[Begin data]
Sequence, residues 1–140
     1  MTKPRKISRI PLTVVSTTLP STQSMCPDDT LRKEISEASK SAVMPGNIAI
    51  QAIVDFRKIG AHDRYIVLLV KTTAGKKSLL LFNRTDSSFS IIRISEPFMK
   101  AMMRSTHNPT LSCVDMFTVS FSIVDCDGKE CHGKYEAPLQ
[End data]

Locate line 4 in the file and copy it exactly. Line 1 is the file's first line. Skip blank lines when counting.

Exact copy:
   101  AMMRSTHNPT LSCVDMFTVS FSIVDCDGKE CHGKYEAPLQ